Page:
That’s fan fiction more or less, but the version of “Everything” that we do have is still plenty affecting if you can brush aside some of the missteps. What you’re left with is Kanye and The-Dream beautifully layering their vocals, as if capturing the competing voices within West himself. “If I had everything/ Everything/ I could change anything/ If I changed anything/ I mean anything/ I would change everything,” West sings, delivering one of his simplest, most impactful lyrics of 2018. –Ryan
14. Pusha-T – “Infrared”
In the context of an imagined collective album or show, here’s where we enter the final act, the second encore. Kanye wasn’t the only person igniting headlines through the various Wyoming rollouts. Daytona came with a blood-stained closer called “Infrared” that set off a brief feud with Drake. The latter in turn responded with “Duppy Freestyle,” which prompted Pusha to pretty much go nuclear with “The Story Of Adidon.” You know, the song in which Pusha accused Drake of not supporting a supposed child (among many other things), over the beat from Jay-Z’s “The Story Of O.J.,” with a cover featuring a real photo of Drake in blackface. I mean … shit.
Pusha’s response was one of the most eviscerating dis tracks in some time; it prompted our own Tom Breihan to argue it “out-ethered ‘Ether'” and to celebrate the Pusha/Drake beef as one of the more entrancing rap feuds in recent memory. The whole situation reportedly reached some kind of détente soon after, but it doesn’t change the fact that the catalyst, “Infrared,” remains one of the most important tracks to emerge from Wyoming. –Ryan
15. Teyana Taylor – “Never Would Have Made It”
The most straightforwardly beautiful song on K.T.S.E. — and maybe in all of the Wyoming sessions — results from flipping Marvin Sapp’s modern gospel survivor’s story into an exultant beat-driven ballad. “Never Would Have Made It” pushes Taylor’s voice to its limit in the best way. Every bit of wear on her vocal cords shows as she belts out a love song for her young daughter, who makes a brief, touching cameo at the end. The song would make a fantastic finale in its own right, but as on Taylor’s own album, here it serves as the prelude to a louder and more outlandish conclusion. –Chris
16. Kanye West – “Ghost Town” (Feat. PartyNextDoor & 070 Shake)
One of the silver linings of Ye was the occasional glimpse of the Old Kanye; even if you prefer the erratic, restless seeker of his more recent albums, there’s still something comforting in hearing him let in some of the warm, healing soul that was once his primary trademark. “Ghost Town” is the peak, the cleansing gospel, that rests well above the surrounding songs; it’s the main song on Ye that could evoke the same chills as West’s classics throughout the years. Part of that is how it actually feels like a bridge between various chapters of Yeezy. You could imagine a version of this, organ-drenched and string-laced and a little brighter, on Late Registration. Those molten guitar sounds link it to the thick, ambitious prog-rap of Dark Fantasy.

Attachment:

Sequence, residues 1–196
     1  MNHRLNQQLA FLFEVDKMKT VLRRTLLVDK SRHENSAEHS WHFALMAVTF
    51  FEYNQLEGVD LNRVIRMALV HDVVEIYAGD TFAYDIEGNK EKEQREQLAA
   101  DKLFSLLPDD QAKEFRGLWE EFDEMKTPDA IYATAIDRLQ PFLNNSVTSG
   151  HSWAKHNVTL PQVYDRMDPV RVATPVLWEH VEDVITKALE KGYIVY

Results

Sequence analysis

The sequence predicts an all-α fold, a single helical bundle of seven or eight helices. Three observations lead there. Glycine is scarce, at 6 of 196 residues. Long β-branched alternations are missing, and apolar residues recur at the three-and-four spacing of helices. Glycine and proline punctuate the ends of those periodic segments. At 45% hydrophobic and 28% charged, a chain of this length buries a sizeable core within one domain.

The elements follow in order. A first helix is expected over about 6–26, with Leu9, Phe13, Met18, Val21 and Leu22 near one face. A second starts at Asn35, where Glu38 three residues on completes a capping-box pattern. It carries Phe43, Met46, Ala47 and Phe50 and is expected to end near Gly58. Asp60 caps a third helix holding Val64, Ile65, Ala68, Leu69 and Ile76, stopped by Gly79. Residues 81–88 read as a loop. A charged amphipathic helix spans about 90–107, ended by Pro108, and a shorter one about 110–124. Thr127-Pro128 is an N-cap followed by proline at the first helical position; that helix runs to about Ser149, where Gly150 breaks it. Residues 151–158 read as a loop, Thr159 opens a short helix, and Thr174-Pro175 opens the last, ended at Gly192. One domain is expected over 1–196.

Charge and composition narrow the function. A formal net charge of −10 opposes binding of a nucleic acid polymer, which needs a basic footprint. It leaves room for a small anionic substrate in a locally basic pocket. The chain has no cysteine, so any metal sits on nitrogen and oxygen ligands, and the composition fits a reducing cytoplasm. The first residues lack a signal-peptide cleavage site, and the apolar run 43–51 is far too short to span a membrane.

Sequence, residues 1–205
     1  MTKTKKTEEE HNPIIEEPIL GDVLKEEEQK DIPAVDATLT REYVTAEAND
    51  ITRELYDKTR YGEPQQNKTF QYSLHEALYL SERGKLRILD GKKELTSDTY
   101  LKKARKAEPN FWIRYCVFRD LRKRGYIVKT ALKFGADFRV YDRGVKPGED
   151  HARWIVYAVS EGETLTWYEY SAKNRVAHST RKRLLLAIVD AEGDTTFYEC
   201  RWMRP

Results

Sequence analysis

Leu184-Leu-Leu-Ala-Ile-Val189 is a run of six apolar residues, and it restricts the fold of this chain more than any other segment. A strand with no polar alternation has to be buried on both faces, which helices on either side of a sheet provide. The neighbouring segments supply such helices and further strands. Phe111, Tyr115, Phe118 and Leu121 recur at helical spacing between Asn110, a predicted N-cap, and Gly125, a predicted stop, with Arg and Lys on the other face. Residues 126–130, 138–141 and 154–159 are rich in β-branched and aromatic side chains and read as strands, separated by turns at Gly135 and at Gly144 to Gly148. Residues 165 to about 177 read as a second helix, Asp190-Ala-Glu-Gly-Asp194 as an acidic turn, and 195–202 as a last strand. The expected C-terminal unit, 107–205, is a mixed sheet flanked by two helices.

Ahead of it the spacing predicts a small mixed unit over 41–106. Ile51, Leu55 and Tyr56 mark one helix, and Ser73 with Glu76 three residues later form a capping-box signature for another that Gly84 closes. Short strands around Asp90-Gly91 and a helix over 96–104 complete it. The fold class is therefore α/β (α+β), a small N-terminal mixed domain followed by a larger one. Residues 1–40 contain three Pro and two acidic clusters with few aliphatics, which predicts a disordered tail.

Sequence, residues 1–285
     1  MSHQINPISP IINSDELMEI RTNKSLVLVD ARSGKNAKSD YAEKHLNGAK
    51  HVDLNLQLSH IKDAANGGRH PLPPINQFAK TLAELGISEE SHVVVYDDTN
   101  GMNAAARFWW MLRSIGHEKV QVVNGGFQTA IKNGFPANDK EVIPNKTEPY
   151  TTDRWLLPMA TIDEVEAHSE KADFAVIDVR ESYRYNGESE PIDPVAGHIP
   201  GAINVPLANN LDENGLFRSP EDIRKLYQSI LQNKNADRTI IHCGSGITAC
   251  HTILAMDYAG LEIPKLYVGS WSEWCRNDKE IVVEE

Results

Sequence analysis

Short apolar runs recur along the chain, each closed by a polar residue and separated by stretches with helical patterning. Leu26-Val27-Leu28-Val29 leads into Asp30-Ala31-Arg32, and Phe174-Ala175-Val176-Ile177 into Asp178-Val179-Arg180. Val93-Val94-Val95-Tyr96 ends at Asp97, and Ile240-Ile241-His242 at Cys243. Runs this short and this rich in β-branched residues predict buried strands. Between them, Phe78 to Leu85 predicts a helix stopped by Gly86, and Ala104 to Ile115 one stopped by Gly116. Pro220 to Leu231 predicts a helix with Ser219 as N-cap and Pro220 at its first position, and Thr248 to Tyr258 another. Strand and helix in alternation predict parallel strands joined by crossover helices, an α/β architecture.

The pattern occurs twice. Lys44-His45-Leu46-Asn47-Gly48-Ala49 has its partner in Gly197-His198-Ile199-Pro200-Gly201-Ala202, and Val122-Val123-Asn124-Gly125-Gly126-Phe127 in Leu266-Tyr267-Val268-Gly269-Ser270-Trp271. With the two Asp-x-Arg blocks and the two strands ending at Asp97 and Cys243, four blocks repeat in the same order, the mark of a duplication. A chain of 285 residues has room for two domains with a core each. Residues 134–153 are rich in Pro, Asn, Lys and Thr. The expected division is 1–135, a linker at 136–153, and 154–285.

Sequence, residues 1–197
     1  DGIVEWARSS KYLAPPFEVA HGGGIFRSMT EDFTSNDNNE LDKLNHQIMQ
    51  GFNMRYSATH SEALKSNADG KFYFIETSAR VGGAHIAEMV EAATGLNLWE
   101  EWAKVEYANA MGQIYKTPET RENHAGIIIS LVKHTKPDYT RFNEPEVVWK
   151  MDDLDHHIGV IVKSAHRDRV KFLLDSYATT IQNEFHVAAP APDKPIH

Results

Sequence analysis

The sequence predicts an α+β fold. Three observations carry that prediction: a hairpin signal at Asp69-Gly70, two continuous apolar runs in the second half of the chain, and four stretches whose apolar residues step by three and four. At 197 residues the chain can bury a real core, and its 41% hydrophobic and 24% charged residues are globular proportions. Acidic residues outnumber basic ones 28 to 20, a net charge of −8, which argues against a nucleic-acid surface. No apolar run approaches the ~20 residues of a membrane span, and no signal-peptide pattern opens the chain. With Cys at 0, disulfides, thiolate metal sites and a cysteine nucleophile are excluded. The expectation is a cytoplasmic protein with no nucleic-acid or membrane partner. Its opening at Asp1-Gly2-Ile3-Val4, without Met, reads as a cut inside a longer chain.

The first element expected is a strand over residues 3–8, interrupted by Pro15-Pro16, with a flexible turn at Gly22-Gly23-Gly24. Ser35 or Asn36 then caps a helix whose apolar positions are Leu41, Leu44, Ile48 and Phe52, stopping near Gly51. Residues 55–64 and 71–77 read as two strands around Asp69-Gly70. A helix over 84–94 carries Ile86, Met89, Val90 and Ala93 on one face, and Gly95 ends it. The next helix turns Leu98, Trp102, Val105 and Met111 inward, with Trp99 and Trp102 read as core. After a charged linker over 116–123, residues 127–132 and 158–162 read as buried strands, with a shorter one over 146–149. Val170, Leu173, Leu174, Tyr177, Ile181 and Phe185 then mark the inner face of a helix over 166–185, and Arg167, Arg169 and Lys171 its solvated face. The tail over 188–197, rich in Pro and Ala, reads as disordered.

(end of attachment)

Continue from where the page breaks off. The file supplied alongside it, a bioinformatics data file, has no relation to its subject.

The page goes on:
There’s another, crucial aspect of “Ghost Town” that similarly recalls its predecessors. If you think about Kanye as an arranger and curator, there are plenty of times where he knows when to give someone else the spotlight, to achieve the maximum emotional impact. Think how the entire sprawl of Dark Fantasy concludes with a verse-via-sample by Gil Scott-Heron, or the key appearance of Desiigner on “Pt. 2″ of “Father Stretch My Hands.” Kanye does the same thing here, ceding the grand finale of “Ghost Town,” its climactic refrain, to 070 Shake. It speaks to Ye’s ear as a producer and sculptor: He steps aside and lets 070 Shake steal the scene. And her performance is not only the main redemption on an inherently flawed album, but also one of the most moving moments from any of the five Wyoming albums. –Ryan
17. Kids See Ghosts – “Freeee (Ghost Town Pt. 2)” (Feat. Ty Dolla $ign)
Think about it: If all these five Wyoming albums had been condensed down into a shape-shifting, twisting document of a dozen artists in conversation with one another, it wouldn’t end with the sheer beauty of Teyana Taylor’s music, or the rousing conclusion of “Ghost Town.” No, that collection would end with the more bug-eyed “Freee (Ghost Town Pt. 2).” The fuzzed-out, smeared answer to what 070 Shake sang on Ye, “Freeee” is one of several moments across the Wyoming albums that depict two voices, two identities combatting with each other. (This is not to discount the fact that, with the self-harm of putting her hand on the stove, 070 Shake’s version isn’t exactly uncomplicated itself.) In the end, something healing still prevails. “Freeee” sounds like an alien sunrise, one of the same lurid colors that splattered across the Kids See Ghosts cover. But it still sounds like a sunrise. –Ryan
Listen to the playlist below via Spotify, and share your own ideal tracklist in the comments.